MySpace vs Facebook

Posted By BrokenClaw on May 1, 2008

MySpace, Facebook, and Bebo are three of the most popular social networking sites on the Internet today. Social network is a sociology term which has been applied to a feature of technology that allows users to interact with their own groups of friends and acquaintances through a variety of methods beyond email, including text messages, voice chat, video sharing, and blogging. The basis of online social networking is the creation of an account and personal webpage on the website.

In the early days of the Web, many websites invited users to create their own free webpage, such as Geocities, which was purchased by Yahoo. The idea was a simple one, to drive Internet traffic to the users’ pages, to generate revenue based on advertising. A primary advance of the social network sites, and the basis of the terminology, is that they allow users to connect their page to other users on the site, typically described as friends. Yahoo tried to update the Geocities service with a new version they called Yahoo 360° , but that project was too little too late, and was abandoned by Yahoo within a few years.

By viewing a person’s page, you can see who their friends are, click on them, see who their friends are, etc. Another feature is that users can tag their page with particular interests and hobbies, so that other users with similar interests can find new acquaintances (see Facebook below). In practice, however, few people see value in “finding new friends” and use the services exclusively for finding old friends.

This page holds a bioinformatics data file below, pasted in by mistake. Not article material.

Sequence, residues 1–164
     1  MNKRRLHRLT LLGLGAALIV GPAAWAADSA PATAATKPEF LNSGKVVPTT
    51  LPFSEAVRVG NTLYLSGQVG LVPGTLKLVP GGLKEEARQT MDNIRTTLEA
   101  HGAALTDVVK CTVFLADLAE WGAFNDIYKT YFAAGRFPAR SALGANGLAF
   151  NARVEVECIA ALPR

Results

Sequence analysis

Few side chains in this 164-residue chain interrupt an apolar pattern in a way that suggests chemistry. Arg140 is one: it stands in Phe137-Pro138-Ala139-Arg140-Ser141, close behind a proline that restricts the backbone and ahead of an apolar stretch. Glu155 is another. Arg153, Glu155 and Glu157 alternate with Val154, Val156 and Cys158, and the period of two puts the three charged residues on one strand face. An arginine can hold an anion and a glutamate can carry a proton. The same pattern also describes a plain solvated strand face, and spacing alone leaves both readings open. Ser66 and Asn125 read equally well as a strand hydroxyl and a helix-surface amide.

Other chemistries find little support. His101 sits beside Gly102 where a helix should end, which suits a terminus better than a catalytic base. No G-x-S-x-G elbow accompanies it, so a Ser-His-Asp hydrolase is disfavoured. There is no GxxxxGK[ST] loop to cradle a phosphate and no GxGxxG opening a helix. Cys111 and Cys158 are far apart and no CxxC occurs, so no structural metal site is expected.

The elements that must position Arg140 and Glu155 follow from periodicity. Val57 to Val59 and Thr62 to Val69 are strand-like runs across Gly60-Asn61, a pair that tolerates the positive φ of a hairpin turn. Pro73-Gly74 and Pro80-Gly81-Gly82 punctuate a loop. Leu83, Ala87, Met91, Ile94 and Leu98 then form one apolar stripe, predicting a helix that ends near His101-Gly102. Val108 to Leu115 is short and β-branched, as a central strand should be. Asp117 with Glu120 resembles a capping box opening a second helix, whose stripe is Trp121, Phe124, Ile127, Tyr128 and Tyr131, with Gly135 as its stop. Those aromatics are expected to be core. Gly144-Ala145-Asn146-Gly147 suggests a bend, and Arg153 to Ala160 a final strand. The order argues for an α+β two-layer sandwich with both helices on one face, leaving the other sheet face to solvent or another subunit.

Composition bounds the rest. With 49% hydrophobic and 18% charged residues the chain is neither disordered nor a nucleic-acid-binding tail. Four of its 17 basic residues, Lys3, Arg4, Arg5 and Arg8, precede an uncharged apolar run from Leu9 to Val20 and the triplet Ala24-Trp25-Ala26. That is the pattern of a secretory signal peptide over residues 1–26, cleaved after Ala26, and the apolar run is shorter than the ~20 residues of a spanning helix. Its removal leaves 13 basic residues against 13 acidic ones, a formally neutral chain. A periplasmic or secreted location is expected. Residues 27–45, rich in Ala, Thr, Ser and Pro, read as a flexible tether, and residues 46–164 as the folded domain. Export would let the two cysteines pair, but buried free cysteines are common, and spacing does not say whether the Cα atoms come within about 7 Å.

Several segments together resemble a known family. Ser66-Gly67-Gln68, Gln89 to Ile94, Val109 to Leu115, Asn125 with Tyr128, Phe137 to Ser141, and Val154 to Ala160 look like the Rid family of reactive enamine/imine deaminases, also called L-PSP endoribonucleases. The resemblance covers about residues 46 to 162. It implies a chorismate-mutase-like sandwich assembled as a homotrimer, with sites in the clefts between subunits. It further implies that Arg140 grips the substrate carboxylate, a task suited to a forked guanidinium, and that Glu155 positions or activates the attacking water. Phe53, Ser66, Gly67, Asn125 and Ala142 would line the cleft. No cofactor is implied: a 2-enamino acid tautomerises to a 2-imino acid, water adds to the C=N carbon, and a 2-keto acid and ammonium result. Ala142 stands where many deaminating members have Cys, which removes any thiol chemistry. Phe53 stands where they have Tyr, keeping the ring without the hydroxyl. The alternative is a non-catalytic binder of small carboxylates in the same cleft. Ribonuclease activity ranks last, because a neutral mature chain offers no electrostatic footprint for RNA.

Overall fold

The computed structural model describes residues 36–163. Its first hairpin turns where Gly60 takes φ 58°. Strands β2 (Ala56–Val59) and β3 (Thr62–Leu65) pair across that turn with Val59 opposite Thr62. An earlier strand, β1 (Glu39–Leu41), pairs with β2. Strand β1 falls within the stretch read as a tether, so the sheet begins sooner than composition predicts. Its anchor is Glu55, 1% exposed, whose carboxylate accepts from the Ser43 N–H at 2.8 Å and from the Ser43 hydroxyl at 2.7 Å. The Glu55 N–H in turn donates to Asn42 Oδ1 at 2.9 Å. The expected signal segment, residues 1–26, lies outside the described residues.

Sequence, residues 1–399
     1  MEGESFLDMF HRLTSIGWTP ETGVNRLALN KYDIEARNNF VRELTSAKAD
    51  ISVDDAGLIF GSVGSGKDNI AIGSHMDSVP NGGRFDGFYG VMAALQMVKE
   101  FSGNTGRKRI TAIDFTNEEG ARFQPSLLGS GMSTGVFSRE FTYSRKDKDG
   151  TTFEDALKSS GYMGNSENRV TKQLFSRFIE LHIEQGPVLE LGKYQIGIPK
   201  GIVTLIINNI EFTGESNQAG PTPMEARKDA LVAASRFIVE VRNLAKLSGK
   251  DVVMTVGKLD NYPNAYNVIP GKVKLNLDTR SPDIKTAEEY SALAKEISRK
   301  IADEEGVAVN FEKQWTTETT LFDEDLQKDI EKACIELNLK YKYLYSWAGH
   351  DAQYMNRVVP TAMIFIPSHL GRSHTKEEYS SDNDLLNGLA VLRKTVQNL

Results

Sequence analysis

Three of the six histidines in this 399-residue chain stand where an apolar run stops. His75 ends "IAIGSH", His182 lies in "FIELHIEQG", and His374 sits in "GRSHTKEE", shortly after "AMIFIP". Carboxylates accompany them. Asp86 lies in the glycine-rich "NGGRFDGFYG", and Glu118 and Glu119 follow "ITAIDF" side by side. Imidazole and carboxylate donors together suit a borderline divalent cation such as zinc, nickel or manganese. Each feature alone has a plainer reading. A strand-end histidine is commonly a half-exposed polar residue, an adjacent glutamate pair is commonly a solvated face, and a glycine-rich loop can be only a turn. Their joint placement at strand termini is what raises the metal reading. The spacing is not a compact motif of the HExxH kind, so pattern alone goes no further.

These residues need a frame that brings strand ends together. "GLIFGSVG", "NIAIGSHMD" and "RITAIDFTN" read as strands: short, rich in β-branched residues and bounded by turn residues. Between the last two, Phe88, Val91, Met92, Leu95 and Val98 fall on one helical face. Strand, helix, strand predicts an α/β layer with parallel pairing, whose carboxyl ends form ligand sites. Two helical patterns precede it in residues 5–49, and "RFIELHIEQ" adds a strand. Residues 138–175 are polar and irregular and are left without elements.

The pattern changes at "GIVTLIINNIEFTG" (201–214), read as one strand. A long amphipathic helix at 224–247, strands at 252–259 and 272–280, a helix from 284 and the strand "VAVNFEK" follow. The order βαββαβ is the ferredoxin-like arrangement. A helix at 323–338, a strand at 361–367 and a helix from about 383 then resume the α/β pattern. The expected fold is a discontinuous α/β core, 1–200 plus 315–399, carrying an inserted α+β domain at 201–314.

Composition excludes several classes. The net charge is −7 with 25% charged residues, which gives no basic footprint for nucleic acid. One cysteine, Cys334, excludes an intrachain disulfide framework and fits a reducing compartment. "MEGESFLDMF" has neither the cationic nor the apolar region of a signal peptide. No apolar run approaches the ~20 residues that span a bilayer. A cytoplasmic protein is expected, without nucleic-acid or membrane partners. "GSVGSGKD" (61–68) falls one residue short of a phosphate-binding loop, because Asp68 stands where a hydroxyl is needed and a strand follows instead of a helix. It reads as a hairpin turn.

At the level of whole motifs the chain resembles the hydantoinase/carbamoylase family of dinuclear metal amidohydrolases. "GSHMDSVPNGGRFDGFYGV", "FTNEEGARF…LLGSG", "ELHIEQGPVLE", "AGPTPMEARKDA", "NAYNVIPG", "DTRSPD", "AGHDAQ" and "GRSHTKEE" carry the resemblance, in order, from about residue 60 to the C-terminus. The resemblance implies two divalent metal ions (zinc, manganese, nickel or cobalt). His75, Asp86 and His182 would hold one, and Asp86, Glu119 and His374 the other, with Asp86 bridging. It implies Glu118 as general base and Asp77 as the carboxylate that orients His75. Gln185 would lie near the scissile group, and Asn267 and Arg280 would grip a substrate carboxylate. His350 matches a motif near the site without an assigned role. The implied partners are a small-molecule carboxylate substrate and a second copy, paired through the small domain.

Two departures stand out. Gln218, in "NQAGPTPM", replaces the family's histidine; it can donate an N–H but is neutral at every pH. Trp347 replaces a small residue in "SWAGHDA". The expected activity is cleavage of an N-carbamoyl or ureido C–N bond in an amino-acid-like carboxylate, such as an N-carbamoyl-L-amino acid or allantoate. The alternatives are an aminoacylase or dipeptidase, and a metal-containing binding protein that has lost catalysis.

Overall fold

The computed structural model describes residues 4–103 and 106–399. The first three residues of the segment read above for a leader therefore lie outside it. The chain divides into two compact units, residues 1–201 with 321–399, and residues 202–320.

The main use of the social networks, though, is to stay connected with your friends on a day to day basis. Instead of sending an email to each person, a user can post a message (text, audio, photo, or video) which gets sent out automatically to whichever group of friends they create.

Today there are probably hundreds of social networking sites, although many of them are targeted at specific groups of users, instead of the public at large, and some which charge a fee. One of the oldest sites is Classmates, designed to connect high school classmates from across the country, which was launched long before the term social networking was an Internet buzzword. In hindsight, it seems as though Classmates had the potential to be the innovator in this genre because it added the connection model to a personal page. What held Classmates back — and still holds them back today — is that they charge a subscription fee for the most useful features, while MySpace and Facebook have always been ad-supported, free to the user.

LinkedIn is a social networking website designed for business associates. And there are a myriad of sites for romantic encounters, such as eHarmony and

MySpace rose to popularity as a place for independent musicians to showcase their talent. Eventually it became popular with high school students and twenty-somethings, which drove its membership to monumental proportions.

In the past, MySpace has been criticized for its lack of concern with privacy of its younger users because it allows children as young as 14, who are not sufficiently aware of security concerns, to create their own online profiles. The issue is that the profile questionnaire, while voluntary, asked questions like name, age, birthday, school, grade, extracurricular activities, best friends, etc. That much personal information makes it relatively easy for anyone of interest to find a person’s full name, birthdate, home address, and phone number.